Upon returning to Quartzsite, Paul made big plans for performances, local and back east. After another jaunt back east, Paul decided that his home in Quartzsite was his best venue. On October 23, 2010, Paul was asked to perform at the “Nostalgics Car Club” special dinner and entertainment in Quechan Park, Blythe, CA. It was his first major local performance. He was joined by washtub bass player Ralph Martin, who played most concerts with Paul as his sidekick and accompanist.
Many local performances followed over the next 10 years, punctuated by Annual Fundraising Shows at the Quartzsite Improvement Association (QIA) where Paul typically played to sold-out crowds of his loyal fans. There were two particularly memorable shows at the QIA. The first was on January 12, 2011; “An Evening with Paul Winer and His Friends.” After his success back east, Paul assembled a group of his musical friends including: Ralph Martin, Jerry Mullins of “Barefoot and Boots,” and Sonja and Norm in a new group, “Skyhawk.” Paul and his friends played to an appreciative, sellout crowd of 760 people (admission was a $5 donation.) Anker Rasmussen, of QIA, noted, “The evening was the most successful single-evening musical event in the history of the QIA!”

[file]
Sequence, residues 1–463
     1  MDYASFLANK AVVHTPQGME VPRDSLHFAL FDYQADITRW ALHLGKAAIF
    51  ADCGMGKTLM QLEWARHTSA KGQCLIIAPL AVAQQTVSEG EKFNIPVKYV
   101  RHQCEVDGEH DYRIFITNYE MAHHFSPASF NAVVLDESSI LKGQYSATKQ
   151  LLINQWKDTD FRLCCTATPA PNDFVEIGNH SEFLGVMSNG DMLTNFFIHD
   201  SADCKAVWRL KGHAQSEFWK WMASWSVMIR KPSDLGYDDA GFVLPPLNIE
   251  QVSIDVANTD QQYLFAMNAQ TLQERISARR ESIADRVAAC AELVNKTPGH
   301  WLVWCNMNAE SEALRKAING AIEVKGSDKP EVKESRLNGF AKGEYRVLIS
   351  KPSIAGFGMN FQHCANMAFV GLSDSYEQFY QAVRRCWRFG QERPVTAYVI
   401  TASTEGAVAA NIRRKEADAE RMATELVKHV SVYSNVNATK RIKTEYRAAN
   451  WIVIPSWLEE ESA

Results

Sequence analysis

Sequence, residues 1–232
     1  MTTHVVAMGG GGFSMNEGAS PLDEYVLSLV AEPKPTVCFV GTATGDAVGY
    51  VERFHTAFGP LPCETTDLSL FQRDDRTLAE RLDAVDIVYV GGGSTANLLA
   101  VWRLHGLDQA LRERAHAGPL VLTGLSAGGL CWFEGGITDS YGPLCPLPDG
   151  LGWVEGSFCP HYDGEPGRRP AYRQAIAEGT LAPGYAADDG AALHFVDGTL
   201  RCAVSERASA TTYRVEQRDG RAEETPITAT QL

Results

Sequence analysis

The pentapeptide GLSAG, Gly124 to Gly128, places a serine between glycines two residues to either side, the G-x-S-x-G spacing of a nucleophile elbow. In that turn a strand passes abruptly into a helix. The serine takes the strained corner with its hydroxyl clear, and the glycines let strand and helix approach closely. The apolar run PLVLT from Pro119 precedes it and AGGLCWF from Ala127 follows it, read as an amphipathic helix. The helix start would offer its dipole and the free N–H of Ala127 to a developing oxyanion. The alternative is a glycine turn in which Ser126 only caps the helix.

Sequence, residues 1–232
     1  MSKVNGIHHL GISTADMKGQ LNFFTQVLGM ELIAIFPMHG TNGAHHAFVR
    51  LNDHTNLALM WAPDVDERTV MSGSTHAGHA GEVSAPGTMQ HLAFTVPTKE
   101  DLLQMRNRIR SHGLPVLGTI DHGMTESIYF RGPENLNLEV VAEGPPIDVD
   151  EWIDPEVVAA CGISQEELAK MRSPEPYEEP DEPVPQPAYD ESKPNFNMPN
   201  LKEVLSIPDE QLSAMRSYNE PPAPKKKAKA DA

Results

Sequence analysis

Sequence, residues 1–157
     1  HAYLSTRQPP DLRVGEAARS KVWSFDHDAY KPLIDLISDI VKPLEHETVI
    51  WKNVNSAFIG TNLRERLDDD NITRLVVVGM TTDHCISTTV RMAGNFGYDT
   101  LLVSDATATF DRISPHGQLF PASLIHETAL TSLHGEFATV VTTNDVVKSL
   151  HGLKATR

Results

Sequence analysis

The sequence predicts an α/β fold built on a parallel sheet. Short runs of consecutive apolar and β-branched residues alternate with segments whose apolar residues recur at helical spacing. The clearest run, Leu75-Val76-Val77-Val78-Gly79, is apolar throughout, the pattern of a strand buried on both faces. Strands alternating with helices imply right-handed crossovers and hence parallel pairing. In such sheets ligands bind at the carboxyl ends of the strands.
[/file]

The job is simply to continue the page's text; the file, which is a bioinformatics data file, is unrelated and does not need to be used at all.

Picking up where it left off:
At Paul’s request, I picked up Paul’s parents Jack and Celia in Phoenix, and brought them to the show. Paul and his father were estranged due to Paul’s lifestyle, for over thirty years. His father didn’t mind that he performed naked, or played ribald songs…as an act; but that, he should have a “normal lifestyle” after performing. They had somewhat reconciled following Celia’s passing; however, his father and mother had never seen Paul perform until that evening. Paul sang a special song to his father called, “I Love My Dad.” There wasn’t a “dry eye in the house.” It was a great evening for all.
The second memorable show was Paul’s last performance at QIA on February 16, 2019. Paul was in ill health, and made a superhuman effort to perform his songs and cajole with the audience. It was evident that he was in poor health; yet, his loyal fans were excited to see him perform, and rallied him to continue.